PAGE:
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Europeans are replacing inefficient residential heating systems

Online tools integrating residence-specific heating system details with region-specific climate-friendly options are helping consumers make the switch.

Climate Change and Environment icon Climate Change and Environment
Society icon Society
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Heating and cooling account for about half of the EU’s total energy consumption. Approximately 80 % of the total energy use in residential buildings is for heating, cooling and domestic hot water and two thirds of this energy are supplied by ageing, inefficient, fossil-fuel-reliant systems. The EU-funded REPLACE project set out to encourage and support people to replace their old heating systems with more environmentally friendly alternatives. Targeting residential space and domestic hot water heating, the project developed free tools and implemented activities on the local level, all tailored to the specific needs of residents in each target region in eight European countries.

Decision-making simplified: tools assist heating system replacement

Independent, high-quality information about heating systems and their potential replacements is often not easily accessible to consumers, installers/consultants, local authorities and investors. REPLACE has addressed this crucial barrier by enhancing proven and widely used Austrian tools and making them freely available in multiple languages. “The REPLACE Heating Matrices rank renewable energy heating systems for various building types in a region. In most cases, the tool identifies one or two renewables-based heating solutions well positioned to replace an existing system,” explains Herbert Tretter of the Austrian Energy Agency (website in German) and project coordinator. “In the next step, households can use the Replace Your Heating System Calculator to assess the economics of climate friendly heating replacement options over their operating lives,” adds Altan Sahin, also of the Austrian Energy Agency and project co coordinator. Results integrate user input including dwelling specific details and integrate it with locally available and envisaged energy supply options. The calculator helps consumers make decisions based on residence-specific and region-specific data: investment, maintenance and fuel costs; cost savings relative to their current system; and CO2 emissions. The REPLACE renewable heating and cooling replacement handbooks guide consumers through steps to take before and during replacement, help installers become well-informed facilitators, and present investors with innovative business models and model contracts. REPLACE best practice examples highlight a variety of realised approaches from each of the eight countries.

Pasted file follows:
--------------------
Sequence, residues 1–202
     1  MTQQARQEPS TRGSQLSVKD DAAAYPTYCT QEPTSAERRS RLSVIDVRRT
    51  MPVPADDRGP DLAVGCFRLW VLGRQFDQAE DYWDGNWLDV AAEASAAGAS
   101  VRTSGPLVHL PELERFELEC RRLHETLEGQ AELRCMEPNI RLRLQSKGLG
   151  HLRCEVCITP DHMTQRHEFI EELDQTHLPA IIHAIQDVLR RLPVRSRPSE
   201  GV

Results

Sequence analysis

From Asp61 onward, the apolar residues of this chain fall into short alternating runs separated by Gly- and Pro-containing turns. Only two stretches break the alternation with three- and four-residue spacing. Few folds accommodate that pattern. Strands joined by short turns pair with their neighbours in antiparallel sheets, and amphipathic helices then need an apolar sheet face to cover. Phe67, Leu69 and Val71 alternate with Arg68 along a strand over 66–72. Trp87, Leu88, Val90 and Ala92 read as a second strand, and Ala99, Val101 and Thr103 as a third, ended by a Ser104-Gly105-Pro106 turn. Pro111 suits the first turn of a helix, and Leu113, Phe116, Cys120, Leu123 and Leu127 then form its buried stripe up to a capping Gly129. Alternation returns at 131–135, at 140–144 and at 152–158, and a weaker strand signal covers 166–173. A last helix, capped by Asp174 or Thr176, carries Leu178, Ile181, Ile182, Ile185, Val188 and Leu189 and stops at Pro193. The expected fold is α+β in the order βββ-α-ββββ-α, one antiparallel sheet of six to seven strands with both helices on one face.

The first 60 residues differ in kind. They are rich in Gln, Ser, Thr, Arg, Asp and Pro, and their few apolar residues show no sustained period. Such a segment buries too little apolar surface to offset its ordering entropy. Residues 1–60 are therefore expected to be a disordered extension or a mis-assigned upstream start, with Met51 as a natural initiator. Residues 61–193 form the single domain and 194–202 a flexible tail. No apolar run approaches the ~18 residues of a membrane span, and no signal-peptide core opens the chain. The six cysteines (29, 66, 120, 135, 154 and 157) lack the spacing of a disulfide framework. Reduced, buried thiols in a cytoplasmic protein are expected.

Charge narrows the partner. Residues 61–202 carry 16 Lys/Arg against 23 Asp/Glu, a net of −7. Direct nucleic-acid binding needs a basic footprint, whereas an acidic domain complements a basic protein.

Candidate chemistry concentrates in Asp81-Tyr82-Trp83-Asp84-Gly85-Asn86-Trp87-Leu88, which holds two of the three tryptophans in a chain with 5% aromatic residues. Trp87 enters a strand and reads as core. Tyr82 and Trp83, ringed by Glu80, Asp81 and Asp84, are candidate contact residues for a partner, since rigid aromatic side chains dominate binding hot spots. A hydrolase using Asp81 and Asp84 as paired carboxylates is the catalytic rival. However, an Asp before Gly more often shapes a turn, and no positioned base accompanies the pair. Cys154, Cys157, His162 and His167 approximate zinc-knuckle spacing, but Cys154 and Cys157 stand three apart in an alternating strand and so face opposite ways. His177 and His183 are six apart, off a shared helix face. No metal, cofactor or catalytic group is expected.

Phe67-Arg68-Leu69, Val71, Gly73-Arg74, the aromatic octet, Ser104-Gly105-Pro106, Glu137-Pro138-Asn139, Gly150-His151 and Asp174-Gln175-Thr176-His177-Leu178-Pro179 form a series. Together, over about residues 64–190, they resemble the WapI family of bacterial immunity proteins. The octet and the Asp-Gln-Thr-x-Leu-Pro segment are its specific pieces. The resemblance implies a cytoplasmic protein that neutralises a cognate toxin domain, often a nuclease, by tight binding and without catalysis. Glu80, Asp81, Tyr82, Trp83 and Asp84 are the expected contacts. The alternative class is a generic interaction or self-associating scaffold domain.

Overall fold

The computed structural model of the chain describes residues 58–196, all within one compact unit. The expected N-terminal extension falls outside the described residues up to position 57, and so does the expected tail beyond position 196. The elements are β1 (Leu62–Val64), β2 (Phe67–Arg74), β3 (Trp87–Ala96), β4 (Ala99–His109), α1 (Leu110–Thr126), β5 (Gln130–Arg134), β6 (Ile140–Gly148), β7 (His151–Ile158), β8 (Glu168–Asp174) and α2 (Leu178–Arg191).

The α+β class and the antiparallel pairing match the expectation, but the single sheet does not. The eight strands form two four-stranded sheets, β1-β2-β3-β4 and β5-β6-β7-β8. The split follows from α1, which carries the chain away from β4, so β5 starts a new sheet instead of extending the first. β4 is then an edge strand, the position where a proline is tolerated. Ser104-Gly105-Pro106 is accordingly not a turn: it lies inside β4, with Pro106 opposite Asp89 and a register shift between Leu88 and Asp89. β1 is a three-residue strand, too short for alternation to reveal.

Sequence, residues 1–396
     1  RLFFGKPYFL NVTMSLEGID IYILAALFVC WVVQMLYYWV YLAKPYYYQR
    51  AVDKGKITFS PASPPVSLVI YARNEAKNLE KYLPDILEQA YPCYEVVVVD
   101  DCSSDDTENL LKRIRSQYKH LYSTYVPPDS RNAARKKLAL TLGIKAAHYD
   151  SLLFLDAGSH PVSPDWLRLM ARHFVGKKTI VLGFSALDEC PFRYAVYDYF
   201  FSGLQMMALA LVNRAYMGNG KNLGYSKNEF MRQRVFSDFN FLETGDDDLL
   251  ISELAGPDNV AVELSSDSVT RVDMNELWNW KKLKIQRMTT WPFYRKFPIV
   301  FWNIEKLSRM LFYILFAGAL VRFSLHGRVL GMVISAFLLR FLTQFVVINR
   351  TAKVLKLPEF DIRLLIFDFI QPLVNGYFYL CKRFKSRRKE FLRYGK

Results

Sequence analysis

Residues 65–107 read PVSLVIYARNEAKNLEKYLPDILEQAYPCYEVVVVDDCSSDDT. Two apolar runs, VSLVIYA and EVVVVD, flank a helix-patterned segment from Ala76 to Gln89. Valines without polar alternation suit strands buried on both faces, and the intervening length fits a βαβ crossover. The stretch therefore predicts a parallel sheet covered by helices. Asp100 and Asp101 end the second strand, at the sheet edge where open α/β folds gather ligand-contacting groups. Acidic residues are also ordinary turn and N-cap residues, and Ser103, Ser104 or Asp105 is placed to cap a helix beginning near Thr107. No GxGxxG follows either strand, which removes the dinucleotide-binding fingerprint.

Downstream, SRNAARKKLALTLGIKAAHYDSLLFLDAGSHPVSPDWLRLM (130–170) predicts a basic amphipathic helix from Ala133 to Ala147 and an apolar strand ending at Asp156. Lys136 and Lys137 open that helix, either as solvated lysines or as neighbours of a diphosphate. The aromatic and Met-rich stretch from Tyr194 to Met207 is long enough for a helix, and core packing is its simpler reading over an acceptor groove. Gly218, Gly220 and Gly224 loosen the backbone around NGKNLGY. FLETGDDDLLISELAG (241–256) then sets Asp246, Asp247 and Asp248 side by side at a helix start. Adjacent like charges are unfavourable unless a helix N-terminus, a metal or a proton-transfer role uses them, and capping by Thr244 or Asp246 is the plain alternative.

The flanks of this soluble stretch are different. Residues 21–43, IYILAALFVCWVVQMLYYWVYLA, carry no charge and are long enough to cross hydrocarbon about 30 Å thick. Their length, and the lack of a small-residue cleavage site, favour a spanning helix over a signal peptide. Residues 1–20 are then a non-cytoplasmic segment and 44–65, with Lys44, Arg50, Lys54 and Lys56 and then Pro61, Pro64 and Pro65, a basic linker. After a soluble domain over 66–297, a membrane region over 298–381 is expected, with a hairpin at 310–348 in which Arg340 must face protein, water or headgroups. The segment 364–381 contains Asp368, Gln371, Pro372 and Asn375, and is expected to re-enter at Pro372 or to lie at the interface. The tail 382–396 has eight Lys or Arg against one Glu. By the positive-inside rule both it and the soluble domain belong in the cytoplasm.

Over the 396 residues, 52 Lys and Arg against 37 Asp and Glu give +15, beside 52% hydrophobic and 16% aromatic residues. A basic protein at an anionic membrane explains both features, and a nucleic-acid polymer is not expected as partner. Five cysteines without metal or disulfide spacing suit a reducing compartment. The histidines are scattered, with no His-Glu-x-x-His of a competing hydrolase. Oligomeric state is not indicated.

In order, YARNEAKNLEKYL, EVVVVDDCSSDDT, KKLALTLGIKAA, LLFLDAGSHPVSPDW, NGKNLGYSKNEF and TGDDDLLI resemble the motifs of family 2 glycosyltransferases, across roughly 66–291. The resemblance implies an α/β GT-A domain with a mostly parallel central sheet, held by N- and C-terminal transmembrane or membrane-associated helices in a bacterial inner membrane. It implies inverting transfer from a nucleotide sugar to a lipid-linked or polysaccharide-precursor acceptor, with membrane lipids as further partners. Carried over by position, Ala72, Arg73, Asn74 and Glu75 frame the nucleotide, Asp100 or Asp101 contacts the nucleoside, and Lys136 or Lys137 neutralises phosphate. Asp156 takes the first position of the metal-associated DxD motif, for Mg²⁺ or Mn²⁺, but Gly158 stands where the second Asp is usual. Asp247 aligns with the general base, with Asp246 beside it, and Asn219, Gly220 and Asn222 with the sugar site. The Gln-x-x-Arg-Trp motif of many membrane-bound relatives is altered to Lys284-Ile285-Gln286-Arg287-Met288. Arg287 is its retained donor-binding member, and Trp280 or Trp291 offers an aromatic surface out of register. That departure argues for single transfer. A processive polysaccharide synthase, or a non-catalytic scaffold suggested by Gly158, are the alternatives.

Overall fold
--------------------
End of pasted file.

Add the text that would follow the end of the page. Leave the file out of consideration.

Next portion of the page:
Putting the heating system replacement campaign into action

Among the many project successes achieved in boiler replacement campaigns in nine pilot regions, a joint heat pump purchase action in Slovenia replaced nearly three times as many residential oil and gas boilers as initially envisioned, and Slovenia is now using the REPLACE calculator as an official public advisory tool. The CO2 savings from residential replacements in Germany and Spain surpassed the targeted mitigation for the entire project during its lifetime. A first-of-its-kind one-stop shop for replacing oil, gas, biomass and direct electric heating systems with climate-friendly ones was developed for the Salzburg province in Austria. On the public ‘match making’ platform, households can easily find suppliers nearby that offer all services/specialities needed for a boiler exchange, and all managed by a single contact.

Addressing further needs

REPLACE has addressed the needs of stakeholders to access easy to understand, tailored information about replacing current heating systems with modern, climate-friendly and effective ones. Two additional challenges must be addressed. Tretter and Sahin emphasise that, as the renewables heating systems market grows, the dearth of professionals needed for replacements will be a major bottleneck – consumer action must be supported by a long-term training strategy. Further, particularly vulnerable groups such as energy-poor households must be included to ensure all of society benefits from the clean heat transition.


REPLACE, heating, residential, climate, renewable, cooling, domestic hot water, system replacement, CO2

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